We also assessed the expression of both BmSOD proteins in the fat body during the fourth larval developmental stage and determined that the expression of both BmSOD proteins tended to decline on day 3 of fourth instar larva, and then these expressions turned back before moulting (Supplementary Fig. S4) in the fourth instar larval developmental stage. Kamimura et al. reported that the ecdysteroid titre is the highest on day 3 of the fourth instar larva, following which the ecdysone titre decreases after day 4 of the fourth instar larva33. Previously, we predicted that both BmSOD proteins could be worked in removing superoxide, which is induced by ecdysone in the moulting event because both BmSODs expressions were also induced by UV irradiation oxidative stress11. Hence, perhaps, the amount of superoxide might be controlled by the ecdysone titre and both BmSOD proteins might work for removing superoxide.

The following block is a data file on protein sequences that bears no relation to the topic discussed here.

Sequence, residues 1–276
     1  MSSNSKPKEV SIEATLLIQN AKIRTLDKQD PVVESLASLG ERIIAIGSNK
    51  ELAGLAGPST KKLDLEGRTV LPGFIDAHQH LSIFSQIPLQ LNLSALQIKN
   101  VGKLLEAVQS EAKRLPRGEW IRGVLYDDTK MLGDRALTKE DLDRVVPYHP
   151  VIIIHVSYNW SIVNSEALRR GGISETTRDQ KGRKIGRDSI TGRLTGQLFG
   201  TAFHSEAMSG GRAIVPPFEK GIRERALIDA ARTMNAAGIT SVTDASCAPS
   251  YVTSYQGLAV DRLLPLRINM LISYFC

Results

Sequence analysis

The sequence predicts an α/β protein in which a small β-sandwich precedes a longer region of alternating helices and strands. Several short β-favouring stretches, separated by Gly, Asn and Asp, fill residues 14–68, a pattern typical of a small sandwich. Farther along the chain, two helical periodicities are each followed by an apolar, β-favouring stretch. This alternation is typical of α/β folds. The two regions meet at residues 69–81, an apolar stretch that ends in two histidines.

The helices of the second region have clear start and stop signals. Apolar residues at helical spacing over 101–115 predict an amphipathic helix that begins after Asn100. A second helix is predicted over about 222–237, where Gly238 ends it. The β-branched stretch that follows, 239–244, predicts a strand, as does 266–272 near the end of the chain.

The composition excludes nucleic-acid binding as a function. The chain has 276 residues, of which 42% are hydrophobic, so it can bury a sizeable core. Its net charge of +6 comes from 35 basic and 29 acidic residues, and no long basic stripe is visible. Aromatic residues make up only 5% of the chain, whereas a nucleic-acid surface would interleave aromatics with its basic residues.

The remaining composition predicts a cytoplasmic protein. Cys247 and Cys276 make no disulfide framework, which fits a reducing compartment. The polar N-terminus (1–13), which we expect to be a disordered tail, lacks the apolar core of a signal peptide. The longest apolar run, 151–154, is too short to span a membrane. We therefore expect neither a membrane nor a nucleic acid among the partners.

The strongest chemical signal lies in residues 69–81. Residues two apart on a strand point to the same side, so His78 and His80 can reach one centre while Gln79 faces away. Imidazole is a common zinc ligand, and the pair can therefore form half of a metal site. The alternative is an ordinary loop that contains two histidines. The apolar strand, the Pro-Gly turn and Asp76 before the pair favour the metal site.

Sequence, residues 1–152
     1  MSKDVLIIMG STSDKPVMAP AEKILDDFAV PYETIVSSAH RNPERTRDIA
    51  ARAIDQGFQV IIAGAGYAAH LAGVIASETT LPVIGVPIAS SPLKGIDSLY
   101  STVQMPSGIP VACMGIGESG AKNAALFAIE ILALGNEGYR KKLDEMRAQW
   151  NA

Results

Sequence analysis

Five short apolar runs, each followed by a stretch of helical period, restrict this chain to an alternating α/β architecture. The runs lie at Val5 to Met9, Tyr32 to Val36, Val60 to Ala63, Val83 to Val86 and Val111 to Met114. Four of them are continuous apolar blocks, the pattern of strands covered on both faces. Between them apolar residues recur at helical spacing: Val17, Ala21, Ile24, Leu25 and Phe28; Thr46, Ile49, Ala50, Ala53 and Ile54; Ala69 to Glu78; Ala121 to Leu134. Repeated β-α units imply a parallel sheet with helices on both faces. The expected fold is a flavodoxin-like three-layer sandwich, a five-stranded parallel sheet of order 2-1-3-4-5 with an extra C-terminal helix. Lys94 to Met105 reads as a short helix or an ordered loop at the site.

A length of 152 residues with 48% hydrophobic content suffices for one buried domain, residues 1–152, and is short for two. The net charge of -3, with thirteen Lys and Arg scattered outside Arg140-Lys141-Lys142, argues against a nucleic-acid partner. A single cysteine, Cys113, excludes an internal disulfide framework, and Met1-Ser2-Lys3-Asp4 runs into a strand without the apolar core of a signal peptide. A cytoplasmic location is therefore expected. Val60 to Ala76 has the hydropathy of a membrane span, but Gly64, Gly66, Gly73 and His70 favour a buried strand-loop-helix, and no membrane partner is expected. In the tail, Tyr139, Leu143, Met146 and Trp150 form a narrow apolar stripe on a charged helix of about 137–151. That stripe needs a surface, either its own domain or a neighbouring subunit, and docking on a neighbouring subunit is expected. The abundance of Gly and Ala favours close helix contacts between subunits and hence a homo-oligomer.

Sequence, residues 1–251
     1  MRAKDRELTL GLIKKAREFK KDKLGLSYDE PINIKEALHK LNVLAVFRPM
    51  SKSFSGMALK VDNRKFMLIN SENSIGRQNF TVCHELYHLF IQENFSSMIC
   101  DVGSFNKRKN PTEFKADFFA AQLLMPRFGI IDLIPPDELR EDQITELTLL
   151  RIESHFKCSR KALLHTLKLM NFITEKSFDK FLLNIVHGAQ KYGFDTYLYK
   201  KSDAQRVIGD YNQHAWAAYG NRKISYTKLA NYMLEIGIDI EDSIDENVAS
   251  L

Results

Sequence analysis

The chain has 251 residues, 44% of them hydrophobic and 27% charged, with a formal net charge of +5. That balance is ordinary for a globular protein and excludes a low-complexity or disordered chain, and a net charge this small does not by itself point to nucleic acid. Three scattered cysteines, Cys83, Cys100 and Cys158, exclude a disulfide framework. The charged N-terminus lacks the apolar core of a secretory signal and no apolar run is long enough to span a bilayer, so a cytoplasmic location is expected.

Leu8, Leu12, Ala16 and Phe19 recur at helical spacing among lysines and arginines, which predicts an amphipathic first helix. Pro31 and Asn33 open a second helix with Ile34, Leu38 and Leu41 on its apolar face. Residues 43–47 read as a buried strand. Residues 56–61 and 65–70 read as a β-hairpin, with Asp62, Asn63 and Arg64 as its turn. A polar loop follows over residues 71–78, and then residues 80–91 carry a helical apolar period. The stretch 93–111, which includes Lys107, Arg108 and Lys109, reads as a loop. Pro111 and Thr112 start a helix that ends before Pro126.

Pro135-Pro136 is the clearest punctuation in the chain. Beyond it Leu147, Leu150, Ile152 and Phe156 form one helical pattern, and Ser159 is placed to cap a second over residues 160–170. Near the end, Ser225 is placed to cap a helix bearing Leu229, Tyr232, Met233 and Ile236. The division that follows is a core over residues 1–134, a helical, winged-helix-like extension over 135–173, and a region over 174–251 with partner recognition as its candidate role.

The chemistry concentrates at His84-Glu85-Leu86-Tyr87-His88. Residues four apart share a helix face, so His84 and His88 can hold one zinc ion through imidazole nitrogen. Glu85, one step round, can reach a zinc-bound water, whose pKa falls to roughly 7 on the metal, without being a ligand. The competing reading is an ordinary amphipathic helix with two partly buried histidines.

After assessing the effect of 20E on BmSOD1 and BmSOD2, we established that the function of both BmSODs was downregulated with the 20E treatment, whereas the amount of superoxide was markedly increased. In our experiment, B. mori larvae responded to 20E, which is 10 times higher than the physiological condition33. Although we injected the physiological level of 20E on day 4 of fifth instar larvae, B. mori larvae marginally responded to the physiological concentration of 20E in this study, suggesting that 20E could be mandatorily downregulated by their physiological system on day 4 of fifth instar larvae. As this period displayed very low level of 20E in the larval developmental stage, we needed more high concentration of 20E in these experiments. Another study reported the administration of 20E dose of 10 µg/larva to the fourth instar larva35. In addition, 20E was administered at 5 µg/larva on day 2 of the fifth instar larva to p50 strain of B. mori14. Kinshu × Showa have about three to four times of big body size than p50 (Supplementary Fig. S5). Thus, it was considered that the 20E dose is experimentally appropriate in this study; these experiments indicate that 20E is crucial for the control and generation of superoxide and the modulation of the expression of BmSOD proteins as a trigger during the late larval to early pupal developmental stages. Reportedly, superoxide is primarily produced in the mitochondrial electric transport system1,36; our findings further suggest that the BmSOD2 protein is of particular importance for removing superoxide in the B. mori body when pupation.